AT&T offering 50 percent discount on smartphones through June 30

Alex Wagner
Editorial Director of News and Content from  Omaha, NE
| June 22, 2013

AT&T 50 percent off smartphones offer

This weekend is turning out to be a good one for smartphone bargain hunters. Yesterday we learned about an iPhone 5 trade-in deal at Best Buy and an HTC One/$100 Google Play credit promo at RadioShack, and now it's been revealed that AT&T is offering a 50 percent discount on all of its smartphones that are priced between $0.99 and $199.99.

According to AT&T's website, customers interested in taking advantage of the 50 percent off promo just need to add a smartphone to their cart, and then the discount will be applied when they check out. All smartphones priced between $0.99 and $199.99 are eligible, including new devices like the Galaxy S4 Active. Interestingly, while the deal's fine print says that a two-year agreement is required, I was able to get the discount applied to a one-year contract as well.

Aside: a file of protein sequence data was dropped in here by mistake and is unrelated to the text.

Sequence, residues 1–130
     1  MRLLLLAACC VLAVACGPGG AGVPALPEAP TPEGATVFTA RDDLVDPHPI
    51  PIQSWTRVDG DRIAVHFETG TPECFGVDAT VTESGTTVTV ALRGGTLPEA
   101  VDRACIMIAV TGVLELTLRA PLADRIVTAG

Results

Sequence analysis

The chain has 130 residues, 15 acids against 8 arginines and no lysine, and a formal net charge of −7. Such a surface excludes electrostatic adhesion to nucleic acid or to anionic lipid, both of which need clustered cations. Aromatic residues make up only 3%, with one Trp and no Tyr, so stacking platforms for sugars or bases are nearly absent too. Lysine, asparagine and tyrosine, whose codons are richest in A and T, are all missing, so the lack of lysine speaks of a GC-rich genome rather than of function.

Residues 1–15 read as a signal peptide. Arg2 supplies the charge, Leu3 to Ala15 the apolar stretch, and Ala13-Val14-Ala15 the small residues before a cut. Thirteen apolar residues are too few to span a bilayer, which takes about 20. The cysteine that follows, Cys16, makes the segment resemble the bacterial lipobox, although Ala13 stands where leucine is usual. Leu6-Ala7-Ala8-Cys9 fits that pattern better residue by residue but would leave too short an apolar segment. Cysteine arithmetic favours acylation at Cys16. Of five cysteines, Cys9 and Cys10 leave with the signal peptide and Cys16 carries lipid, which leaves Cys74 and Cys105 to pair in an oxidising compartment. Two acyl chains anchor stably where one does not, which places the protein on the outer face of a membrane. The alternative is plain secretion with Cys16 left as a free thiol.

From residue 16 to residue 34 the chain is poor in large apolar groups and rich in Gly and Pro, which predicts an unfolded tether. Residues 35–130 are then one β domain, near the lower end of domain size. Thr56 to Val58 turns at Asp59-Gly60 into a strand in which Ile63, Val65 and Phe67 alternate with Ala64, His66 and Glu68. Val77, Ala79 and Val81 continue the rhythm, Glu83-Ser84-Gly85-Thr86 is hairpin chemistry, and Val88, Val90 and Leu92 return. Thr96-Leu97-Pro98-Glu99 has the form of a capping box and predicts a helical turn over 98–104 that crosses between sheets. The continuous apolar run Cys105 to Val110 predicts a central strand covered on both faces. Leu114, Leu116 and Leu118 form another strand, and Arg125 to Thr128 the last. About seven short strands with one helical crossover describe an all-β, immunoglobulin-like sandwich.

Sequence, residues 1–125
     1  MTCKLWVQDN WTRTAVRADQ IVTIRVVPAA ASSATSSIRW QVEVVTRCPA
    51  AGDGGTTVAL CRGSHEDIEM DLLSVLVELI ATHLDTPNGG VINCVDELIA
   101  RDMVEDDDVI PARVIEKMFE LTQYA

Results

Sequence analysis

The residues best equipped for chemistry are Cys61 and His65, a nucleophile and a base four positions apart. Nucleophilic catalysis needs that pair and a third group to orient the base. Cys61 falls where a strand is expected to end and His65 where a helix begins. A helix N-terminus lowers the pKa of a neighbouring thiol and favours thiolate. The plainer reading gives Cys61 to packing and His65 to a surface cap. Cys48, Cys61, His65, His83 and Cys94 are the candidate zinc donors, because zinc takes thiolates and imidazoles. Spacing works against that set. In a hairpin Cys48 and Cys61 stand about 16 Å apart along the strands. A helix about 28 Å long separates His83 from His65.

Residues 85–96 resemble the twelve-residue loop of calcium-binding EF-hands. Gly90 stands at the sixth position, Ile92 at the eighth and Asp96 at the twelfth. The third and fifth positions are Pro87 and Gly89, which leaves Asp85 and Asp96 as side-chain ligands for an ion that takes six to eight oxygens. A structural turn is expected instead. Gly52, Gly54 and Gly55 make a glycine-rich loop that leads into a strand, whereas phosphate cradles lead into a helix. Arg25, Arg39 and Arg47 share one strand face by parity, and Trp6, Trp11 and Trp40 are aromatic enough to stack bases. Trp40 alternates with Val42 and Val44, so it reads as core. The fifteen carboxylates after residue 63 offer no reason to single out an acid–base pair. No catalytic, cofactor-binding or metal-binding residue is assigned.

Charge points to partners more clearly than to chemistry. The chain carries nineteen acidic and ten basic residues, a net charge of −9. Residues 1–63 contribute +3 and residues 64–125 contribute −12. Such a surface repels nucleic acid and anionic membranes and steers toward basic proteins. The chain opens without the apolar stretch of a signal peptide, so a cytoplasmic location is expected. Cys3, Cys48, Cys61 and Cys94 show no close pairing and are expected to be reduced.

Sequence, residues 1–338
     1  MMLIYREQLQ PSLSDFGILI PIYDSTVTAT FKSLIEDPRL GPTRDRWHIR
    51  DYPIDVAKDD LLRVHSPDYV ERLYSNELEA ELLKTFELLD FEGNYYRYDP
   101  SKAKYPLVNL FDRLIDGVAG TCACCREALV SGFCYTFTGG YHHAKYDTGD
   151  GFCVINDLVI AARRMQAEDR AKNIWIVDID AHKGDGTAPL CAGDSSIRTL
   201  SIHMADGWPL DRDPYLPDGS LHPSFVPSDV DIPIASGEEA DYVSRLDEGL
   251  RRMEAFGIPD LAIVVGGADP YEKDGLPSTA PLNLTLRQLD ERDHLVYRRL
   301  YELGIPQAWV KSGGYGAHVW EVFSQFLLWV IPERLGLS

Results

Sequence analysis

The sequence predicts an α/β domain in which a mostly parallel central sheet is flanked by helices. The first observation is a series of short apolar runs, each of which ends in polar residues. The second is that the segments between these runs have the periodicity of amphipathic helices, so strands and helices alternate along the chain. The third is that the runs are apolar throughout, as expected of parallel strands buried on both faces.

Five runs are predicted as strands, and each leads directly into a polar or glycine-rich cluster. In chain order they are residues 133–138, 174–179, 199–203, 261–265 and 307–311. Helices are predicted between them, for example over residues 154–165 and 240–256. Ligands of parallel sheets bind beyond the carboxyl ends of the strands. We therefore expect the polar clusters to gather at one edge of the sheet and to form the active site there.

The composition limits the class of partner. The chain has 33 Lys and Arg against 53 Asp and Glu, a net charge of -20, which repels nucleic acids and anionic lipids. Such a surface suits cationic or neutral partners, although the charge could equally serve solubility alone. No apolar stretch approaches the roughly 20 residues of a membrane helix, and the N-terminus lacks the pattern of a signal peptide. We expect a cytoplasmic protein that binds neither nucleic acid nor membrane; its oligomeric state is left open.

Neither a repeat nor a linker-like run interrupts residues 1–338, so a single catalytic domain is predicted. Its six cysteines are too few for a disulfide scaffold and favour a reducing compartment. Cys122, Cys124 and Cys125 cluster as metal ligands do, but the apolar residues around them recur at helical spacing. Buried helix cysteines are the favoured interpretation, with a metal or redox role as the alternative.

In addition to cutting the price of any smartphone in half, AT&T is waiving its $36 activation fee as part of the promotion. The offer runs through June 30 and is available in-store and online, though it sounds like customers that'd like to go the in-store route may need to trade in a working smartphone in order to get a $100 credit that can then be applied to a new handset. As I mentioned before, customers shopping online get the discount instantly applied at checkout.

Getting a 50 percent discount on any new smartphone is a pretty good deal, but what makes this offer even better is that even applies to new hardware. The fact that the offer appears to be working with one-year contracts is great as well, because as Android Police notes, the discount will result in a device that costs just a little bit more than it would with a two-year commitment. If you're in the market for a new handset, you can hit up the AT&T link below and see if the big blue carrier's 50 percent discount is enough to get you to pull the trigger on one of its smartphones. 

Via Android Police, AT&T